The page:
- Does Apply: Article 3 of the GDPR dictates that it will apply to your mobile app or website if you collect the personal data of an EU resident physically located in the EU while providing a product or service. An example would be if an EU resident (again, physically located in the EU) downloads your app from the U.S. Google Play Store. The GDPR will also apply even in the absence of a final transaction. For example, if a U.S. company is collecting personally identifiable information (i.e., PII) in the EU as part of a marketing survey, that data would be subject to the protections of the GDPR.
- Does Not Apply: The “territorial scope” of the GDPR will not apply to your mobile app or website if you are collecting data from an EU citizen who happens to be outside of the EU at the time of collection.
Given the potential breadth and depth of the GDPR, it’s somewhat surprising that businesses both at home and abroad have been slow to act. As recently as 2017, studies indicated that an overwhelming majority of U.S. businesses did not have a GDPR plan in place. Fast forward a year later, and, in the face of the May 25, 2018 implementation deadline, more than half of all global businesses surveyed indicated that they would not meet the deadline. While some U.S. based businesses choose to either abandon their EU operations (i.e., Drawbridge and Verve) or restrict EU resident access (i.e., LA Times) rather than face the potential risks of non-compliance, the vast majority, in fact, missed the implementation deadline altogether.
Compliance: Getting Started
If you are an app developer and you missed the May 25, 2018 implementation deadline, rest assured that you’re not alone. In fact, Gartner predicts that even as late as December 2018, more than 50% of businesses affected by the GDPR will still not be in compliance with its requirements (including 55% of mobile apps). If you find yourself in this position of non-compliance, the first step towards GDPR implementation is to further explore the potential impact of the regulation within the context of your business. As the aim of the GDPR is to ensure clear, streamlined, and secure data collection activities, begin by addressing the following compliance issues:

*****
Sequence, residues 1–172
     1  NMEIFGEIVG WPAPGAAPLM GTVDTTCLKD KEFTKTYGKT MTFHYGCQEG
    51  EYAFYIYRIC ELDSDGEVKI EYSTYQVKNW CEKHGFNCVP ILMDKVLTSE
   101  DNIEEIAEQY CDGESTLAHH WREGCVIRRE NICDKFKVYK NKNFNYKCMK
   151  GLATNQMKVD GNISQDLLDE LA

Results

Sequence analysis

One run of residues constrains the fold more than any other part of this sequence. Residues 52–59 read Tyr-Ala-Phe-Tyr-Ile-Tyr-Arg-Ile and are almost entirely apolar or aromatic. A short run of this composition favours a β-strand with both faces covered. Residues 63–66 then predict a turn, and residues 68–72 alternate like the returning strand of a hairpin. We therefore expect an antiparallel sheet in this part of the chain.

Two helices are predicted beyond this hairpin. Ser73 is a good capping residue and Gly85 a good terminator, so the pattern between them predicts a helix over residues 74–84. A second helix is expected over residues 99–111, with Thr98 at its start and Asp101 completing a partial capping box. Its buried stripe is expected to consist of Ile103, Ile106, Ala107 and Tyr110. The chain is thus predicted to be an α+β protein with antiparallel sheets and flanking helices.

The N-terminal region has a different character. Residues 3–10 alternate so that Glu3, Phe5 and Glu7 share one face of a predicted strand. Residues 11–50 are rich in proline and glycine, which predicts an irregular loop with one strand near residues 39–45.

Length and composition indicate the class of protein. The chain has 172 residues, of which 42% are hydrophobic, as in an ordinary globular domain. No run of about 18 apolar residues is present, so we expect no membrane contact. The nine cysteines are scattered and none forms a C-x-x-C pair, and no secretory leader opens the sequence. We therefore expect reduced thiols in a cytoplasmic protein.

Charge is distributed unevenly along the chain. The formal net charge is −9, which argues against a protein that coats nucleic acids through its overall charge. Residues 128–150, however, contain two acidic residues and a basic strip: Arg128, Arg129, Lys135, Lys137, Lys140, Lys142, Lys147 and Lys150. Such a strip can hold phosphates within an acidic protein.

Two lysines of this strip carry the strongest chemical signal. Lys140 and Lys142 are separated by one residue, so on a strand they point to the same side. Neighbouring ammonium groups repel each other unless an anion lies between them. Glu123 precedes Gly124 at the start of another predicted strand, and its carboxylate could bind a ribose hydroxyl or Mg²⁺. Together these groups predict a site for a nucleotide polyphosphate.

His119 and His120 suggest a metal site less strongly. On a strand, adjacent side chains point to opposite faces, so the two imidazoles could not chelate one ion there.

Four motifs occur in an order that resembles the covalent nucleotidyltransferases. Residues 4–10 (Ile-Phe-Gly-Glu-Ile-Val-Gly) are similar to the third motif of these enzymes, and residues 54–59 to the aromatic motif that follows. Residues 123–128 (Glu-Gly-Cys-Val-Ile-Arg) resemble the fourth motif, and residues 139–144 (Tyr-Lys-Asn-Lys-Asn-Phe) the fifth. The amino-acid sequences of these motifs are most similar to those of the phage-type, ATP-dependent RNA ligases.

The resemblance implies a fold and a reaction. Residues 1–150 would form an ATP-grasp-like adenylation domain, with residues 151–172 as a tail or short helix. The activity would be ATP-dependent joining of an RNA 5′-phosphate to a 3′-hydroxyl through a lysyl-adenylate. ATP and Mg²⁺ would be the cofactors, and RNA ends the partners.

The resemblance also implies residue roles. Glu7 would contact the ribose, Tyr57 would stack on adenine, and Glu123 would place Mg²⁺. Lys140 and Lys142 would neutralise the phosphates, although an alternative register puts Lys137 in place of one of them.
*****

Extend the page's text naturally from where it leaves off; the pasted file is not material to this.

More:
Data Necessity: Look to determine if, as an app-developer, your business must collect/use the personal data of app users. If your app collects personal data or user information, it should directly pertain to the user experience and value proposition of your mobile app. If you don’t collect personal data, then you are unlikely to have any GDPR compliance-related issues.
Data Transparency: Next, if you are collecting data, make sure your app-users know what data you are collecting and why. Under the GDPR, “terms & conditions” must clearly explain the “why” and “how” behind your data collection. Users must also give their full and explicit consent.
Data Protection: Finally, look to determine how well you are currently protecting user data. Are using data encryption? If not, you should explore it and other advanced protection techniques to fully guarantee the security of user data.
While GDPR compliance may appear to be an arduous and time-consuming task, for the majority of U.S. based app developers, compliance (if even necessary) should make for a smooth transition. Most analysts expect the Information Commissioner’s Office to only come down hard on organizations that cannot demonstrate a good-faith effort with compliance. Given the fact that most GDPR violators will be identified through data breaches, there is still time to make a concerted effort to understand, implement, and adjust to the new regulation.